The first stage of data collection was conducted in Australia. According to the 2011 Census, over 476,300 Muslims live in Australia, making up 2.2 per cent of the total population (ABS 2012). Islam is the third largest religion in Australia after Christianity (61.1 per cent) and Buddhism (2.5 per cent). Although Christianity is still the major religion, it has experienced a steady decline in numbers since the 1970s (ABS 2012). Commensurate with this decline is the increase in Australia’s religious diversity, with the number of Australians identifying with non-Christian religions continuing to grow (Bouma 2006).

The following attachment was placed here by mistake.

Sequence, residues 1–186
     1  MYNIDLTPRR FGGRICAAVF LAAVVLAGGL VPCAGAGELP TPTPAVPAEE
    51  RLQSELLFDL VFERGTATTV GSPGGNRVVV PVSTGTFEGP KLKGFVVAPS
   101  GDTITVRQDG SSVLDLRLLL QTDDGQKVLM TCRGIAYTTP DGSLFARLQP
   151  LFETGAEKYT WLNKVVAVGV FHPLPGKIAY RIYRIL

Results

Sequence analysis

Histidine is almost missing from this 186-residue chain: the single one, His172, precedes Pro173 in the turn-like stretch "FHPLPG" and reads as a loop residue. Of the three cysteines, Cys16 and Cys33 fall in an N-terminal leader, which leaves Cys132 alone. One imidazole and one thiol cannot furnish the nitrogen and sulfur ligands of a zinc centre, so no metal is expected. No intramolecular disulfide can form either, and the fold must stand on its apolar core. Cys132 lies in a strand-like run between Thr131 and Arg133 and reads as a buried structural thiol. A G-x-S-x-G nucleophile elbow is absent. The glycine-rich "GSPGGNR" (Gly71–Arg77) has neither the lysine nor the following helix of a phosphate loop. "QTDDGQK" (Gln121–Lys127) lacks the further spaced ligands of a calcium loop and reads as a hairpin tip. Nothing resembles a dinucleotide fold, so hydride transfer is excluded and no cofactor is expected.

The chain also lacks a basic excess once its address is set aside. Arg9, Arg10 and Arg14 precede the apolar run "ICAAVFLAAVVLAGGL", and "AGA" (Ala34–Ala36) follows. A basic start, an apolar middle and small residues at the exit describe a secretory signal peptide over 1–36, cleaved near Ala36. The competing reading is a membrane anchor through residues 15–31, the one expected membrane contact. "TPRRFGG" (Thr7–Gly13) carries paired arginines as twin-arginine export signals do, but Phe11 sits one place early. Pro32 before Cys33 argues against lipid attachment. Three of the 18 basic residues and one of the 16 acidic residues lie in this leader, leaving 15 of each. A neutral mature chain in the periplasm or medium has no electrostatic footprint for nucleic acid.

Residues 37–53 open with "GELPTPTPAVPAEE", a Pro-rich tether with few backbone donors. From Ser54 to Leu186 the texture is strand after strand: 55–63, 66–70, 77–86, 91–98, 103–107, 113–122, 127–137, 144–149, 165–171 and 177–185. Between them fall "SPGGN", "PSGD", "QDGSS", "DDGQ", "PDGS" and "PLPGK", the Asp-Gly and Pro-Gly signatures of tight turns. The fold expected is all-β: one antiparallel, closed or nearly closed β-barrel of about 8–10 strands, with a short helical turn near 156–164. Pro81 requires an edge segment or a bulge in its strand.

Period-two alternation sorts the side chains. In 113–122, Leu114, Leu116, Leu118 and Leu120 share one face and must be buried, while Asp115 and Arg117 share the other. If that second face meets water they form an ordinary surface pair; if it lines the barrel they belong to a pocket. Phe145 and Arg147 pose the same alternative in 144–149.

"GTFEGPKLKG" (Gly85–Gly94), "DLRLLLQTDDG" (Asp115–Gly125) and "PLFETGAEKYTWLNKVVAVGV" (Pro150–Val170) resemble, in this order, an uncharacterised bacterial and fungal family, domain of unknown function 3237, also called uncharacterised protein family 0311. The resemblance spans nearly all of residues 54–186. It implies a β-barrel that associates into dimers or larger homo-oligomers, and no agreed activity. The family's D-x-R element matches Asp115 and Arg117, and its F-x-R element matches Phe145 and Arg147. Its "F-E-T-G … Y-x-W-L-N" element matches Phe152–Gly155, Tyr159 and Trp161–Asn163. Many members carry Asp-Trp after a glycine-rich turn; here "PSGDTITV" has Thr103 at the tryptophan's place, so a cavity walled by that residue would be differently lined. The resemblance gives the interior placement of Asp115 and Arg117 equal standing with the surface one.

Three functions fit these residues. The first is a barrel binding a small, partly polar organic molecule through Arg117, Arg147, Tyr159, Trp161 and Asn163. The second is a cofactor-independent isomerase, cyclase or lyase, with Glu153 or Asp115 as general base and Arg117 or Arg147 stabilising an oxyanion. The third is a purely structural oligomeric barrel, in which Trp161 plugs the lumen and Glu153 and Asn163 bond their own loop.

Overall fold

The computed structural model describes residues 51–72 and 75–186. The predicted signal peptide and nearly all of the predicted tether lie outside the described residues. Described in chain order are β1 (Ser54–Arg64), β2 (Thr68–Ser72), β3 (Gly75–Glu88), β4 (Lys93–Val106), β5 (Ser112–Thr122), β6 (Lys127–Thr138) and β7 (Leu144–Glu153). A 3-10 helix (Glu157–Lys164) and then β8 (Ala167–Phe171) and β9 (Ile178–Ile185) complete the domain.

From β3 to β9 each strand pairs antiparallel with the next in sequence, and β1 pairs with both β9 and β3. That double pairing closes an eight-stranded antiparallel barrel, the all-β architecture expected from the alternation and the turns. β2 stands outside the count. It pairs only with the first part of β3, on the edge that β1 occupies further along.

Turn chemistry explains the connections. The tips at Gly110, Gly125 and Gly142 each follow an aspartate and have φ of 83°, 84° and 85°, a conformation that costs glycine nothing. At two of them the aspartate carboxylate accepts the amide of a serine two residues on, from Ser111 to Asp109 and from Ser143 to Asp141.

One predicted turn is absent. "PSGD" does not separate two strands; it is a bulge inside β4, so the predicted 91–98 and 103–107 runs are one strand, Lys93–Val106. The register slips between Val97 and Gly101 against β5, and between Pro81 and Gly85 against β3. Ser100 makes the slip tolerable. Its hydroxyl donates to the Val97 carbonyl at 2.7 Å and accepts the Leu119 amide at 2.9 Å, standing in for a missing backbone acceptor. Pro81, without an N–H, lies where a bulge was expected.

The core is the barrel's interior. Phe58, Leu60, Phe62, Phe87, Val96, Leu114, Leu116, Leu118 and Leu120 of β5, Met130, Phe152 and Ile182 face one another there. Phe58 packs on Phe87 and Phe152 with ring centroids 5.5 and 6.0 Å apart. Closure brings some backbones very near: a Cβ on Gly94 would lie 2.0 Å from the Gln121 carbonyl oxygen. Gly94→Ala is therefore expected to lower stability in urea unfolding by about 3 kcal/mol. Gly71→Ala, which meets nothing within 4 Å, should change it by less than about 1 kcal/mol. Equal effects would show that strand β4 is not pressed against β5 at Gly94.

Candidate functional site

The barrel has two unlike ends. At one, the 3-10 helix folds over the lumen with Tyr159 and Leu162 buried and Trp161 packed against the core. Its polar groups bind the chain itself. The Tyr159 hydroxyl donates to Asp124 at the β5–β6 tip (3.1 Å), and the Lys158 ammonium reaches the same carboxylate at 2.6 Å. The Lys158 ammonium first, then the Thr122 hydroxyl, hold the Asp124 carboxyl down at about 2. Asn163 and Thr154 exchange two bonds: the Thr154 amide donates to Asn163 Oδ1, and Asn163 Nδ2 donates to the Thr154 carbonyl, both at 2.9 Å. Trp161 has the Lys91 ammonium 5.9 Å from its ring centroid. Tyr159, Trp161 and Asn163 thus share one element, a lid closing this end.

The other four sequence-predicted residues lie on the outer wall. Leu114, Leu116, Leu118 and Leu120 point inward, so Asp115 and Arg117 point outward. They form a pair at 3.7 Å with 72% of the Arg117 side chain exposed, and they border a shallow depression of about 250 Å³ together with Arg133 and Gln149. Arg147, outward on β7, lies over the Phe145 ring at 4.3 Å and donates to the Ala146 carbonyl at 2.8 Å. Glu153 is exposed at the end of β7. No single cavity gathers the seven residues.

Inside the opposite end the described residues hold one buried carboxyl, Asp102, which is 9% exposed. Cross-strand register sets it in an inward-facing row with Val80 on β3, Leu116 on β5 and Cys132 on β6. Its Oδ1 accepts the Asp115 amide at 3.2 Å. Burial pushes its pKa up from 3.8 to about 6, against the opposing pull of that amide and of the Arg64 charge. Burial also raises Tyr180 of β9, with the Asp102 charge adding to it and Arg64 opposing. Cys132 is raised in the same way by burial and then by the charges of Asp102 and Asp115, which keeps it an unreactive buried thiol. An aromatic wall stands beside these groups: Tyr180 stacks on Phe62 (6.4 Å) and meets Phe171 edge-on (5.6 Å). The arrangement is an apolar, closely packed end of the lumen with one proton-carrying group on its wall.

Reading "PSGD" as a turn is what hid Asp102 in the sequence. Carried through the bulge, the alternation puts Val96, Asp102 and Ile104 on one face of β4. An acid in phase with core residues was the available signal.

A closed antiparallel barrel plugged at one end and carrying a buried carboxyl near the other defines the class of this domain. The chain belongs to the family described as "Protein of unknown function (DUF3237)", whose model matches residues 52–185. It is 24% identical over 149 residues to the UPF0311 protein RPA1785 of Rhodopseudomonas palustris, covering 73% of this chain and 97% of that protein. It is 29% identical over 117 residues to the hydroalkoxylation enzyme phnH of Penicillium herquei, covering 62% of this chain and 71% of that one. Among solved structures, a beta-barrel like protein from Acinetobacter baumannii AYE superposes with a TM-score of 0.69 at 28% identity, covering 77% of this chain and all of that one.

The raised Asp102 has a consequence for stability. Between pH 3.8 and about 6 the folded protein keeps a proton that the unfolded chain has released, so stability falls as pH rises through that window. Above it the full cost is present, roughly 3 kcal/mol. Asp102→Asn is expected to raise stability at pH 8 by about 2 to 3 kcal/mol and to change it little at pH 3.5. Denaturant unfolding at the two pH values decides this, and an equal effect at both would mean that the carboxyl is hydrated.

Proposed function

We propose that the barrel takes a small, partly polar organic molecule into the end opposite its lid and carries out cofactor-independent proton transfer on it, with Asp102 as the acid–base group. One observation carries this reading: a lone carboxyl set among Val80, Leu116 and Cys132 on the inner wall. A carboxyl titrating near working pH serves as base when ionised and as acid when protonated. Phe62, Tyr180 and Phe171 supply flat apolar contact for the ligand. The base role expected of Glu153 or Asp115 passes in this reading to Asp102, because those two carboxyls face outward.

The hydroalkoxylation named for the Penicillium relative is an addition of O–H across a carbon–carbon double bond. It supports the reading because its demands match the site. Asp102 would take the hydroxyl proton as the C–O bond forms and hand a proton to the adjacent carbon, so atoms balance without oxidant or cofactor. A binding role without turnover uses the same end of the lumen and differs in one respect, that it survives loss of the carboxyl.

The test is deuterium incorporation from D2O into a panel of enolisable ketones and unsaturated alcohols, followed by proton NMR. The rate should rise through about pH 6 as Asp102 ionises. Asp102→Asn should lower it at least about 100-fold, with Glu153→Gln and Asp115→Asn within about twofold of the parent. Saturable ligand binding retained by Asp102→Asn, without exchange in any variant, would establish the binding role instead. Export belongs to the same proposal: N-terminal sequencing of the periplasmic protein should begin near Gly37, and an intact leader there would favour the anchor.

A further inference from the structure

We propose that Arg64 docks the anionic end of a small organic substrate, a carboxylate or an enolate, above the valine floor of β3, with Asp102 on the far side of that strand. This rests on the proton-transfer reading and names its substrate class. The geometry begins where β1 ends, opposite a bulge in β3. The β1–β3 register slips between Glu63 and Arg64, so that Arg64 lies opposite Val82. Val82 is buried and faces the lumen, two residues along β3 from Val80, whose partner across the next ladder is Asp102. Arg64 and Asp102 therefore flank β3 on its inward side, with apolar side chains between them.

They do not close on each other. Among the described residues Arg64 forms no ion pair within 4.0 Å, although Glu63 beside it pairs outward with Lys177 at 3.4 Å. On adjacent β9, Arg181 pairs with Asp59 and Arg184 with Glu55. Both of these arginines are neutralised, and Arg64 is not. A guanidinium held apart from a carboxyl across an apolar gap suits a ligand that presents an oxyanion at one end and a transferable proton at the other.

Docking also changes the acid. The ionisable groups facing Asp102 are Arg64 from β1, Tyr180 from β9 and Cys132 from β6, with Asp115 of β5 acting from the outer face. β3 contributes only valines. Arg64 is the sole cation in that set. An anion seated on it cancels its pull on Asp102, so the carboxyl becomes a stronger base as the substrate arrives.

Most Muslims living in Australia are concentrated in urban centres, predominantly Melbourne and Sydney. A report published by the Australian Bureau of Statistics (ABS 2014) shows that the majority of migrants from Middle Eastern nations reside in the northern suburbs of Melbourne. These are predominantly Iraqi-born migrants, who are concentrated in Campbellfield (14 per cent), Roxburgh Park (13 per cent) and Coolaroo (11 per cent). A large proportion of Lebanese migrants also reside in Campbellfield (8 per cent), while Dallas and Meadow Heights are home to a large proportion of Turkish-born migrants. The area of Greater Dandenong in the city’s south has a large number of Afghan-born residents (12 per cent), many of whom arrived as humanitarian migrants.